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Newspaper Page Text
PICTURE FROM LIFE THE OTHER CHOICE -
Pour moriths ago Grace Wilson came to Philadelphia from her home
in Strgudsburg. Her father was 'dead, her mother ill with tuberculosis, and
it was' imperative that Grace should earn her own living. Grace is 23
years old, a pretty, fragile girl.
She found ajobas waitress in Childs' restaurant, at $6 a week. It
is riot hard for prettygirls to get jobs as waitresses. Restaurant managers
appreciate the fact that they attract male customers.
Childs' restaurants are owned by John D. Rockefeller's Standard Oil
pals. Pretty girls add materially to their revenues, especialjy when' they
are paid at the rate of $6 a week.
Grace struggled bravely to live on her $6. But the strain of long
hours waiting on customers in a kitchen-flavored atmosphere, coupled
with improper and insufficient food and nights passed in a close, ill-ventilated
room, was tob much for the girl whom the Great White Plague had
already marked for its own.
Her.health rapidly broke down, and a little, hacking cough made its
appearance. The restaurant manager noticed that cough. "We don't
want girls coughing around here," he ordered, and Grace was fifed.
Penniless, sick, and alone in a strange city, Grace hunted in vain for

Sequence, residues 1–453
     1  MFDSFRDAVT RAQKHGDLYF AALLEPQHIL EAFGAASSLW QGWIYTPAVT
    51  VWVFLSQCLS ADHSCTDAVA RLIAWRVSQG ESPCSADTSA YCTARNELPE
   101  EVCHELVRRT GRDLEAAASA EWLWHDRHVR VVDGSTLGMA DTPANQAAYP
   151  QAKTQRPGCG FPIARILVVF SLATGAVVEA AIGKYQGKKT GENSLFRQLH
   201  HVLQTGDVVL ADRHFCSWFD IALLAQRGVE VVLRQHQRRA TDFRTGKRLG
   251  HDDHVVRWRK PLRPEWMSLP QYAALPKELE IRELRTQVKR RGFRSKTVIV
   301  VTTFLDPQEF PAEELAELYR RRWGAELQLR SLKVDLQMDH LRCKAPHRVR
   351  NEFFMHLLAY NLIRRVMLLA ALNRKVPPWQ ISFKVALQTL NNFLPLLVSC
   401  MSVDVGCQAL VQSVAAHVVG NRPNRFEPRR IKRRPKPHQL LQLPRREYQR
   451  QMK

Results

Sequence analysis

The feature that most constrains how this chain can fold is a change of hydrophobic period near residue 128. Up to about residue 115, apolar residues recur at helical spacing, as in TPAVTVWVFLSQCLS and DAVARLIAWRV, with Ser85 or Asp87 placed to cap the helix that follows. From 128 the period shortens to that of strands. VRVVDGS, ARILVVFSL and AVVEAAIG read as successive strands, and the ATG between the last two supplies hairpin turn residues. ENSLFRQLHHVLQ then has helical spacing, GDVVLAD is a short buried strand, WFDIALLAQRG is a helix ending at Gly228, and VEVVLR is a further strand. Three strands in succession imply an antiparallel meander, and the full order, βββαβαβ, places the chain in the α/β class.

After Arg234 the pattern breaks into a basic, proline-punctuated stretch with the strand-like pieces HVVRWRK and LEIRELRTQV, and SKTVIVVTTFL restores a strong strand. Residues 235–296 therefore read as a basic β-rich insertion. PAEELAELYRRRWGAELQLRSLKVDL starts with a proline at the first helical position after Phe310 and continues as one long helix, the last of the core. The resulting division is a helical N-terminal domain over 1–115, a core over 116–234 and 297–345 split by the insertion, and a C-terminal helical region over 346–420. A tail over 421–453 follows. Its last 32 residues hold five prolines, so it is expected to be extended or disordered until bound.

work. Nobody wanted her. There were two recourses open to her the
river or ttie streets. She chose the lafxer.
A week ago a policeman of the vice "squad arrested her. He said she
accosted him. Grace 'said that it was he who accosted her. But what was
a girl's word against a policeman's? Magistrate Pennock ordered her sent
tp the House of Correction.
A letter came to her prison cell. It was from her mother in Strouds
burg. Her battle was nearly ended, and she implored' her child to come
to her, that she might kiss her before she died. That cry from a mother's
heart pierced even the pitiless walls of "justice." Yesterday Grace was
brought before Judge Barratt on a writ .of habeas corpus. The judge
listened to the story and bowed his head: "She may go," he said.
So today Grace is on her way to bid her mother a last farewell. After
Why, after that, Childs' restaurant will hire other girls, other mothers
will die, other girls will turn to the streets, and the- profits of restaurants
will increase mightily. It is Business. Phila. News-Post.
FUNKHOUSER AIP BEATEN
It never rains but it pours, runs the
old proverb. And it seems to hold
good in the case of Major Funkhous
er and his aids.
With hghtning rapidity the major
has been struck several times in the
last two weeks. First Chief Gleasoti
took the policewomen from under
Funkhouser's control; then the mor
als squad was declared unauthorized
to make arrests; yesterday Dannen
berg, inspector of morals, lost his
case against Harry Cullett
And last night Emil W. Kowalske,
one of Funkhouser's sleuths, was
bodly beaten at Lincoln and Belmont
av. by a gang of men who knew him
as a kid. His nose was broken.
When man admires woman's style -" '
And all her pretty graces,
'Tis sad, when he starts making eyes,
To find her making faces.
Printed designs are applied to near
ly everything of the silk sort for